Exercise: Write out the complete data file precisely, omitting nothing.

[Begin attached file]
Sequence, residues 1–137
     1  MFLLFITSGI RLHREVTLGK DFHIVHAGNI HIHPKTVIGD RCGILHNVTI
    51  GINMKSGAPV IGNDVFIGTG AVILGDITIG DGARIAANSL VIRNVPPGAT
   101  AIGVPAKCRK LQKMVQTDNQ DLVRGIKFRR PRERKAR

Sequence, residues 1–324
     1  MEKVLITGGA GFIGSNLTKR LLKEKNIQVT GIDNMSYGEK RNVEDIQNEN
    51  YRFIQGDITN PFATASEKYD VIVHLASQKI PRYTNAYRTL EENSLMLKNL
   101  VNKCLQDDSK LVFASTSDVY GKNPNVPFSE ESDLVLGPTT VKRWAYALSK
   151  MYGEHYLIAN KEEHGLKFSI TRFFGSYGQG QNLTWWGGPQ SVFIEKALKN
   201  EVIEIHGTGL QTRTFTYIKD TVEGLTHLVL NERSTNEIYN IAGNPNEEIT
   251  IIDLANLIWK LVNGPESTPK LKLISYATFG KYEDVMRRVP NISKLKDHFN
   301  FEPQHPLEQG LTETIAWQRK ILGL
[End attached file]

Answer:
Sequence, residues 1–137
     1  MFLLFITSGI RLHREVTLGK DFHIVHAGNI HIHPKTVIGD RCGILHNVTI
    51  GINMKSGAPV IGNDVFIGTG AVILGDITIG DGARIAANSL VIRNVPPGAT
   101  AIGVPAKCRK LQKMVQTDNQ DLVRGIKFRR PRERKAR

Sequence, residues 1–324
     1  MEKVLITGGA GFIGSNLTKR LLKEKNIQVT GIDNMSYGEK RNVEDIQNEN
    51  YRFIQGDITN PFATASEKYD VIVHLASQKI PRYTNAYRTL EENSLMLKNL
   101  VNKCLQDDSK LVFASTSDVY GKNPNVPFSE ESDLVLGPTT VKRWAYALSK
   151  MYGEHYLIAN KEEHGLKFSI TRFFGSYGQG QNLTWWGGPQ SVFIEKALKN
   201  EVIEIHGTGL QTRTFTYIKD TVEGLTHLVL NERSTNEIYN IAGNPNEEIT
   251  IIDLANLIWK LVNGPESTPK LKLISYATFG KYEDVMRRVP NISKLKDHFN
   301  FEPQHPLEQG LTETIAWQRK ILGL